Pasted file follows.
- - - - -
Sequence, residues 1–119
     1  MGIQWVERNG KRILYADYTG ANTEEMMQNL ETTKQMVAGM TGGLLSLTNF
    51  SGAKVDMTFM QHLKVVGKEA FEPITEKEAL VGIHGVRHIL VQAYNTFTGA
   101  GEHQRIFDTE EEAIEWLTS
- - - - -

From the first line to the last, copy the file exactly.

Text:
Sequence, residues 1–119
     1  MGIQWVERNG KRILYADYTG ANTEEMMQNL ETTKQMVAGM TGGLLSLTNF
    51  SGAKVDMTFM QHLKVVGKEA FEPITEKEAL VGIHGVRHIL VQAYNTFTGA
   101  GEHQRIFDTE EEAIEWLTS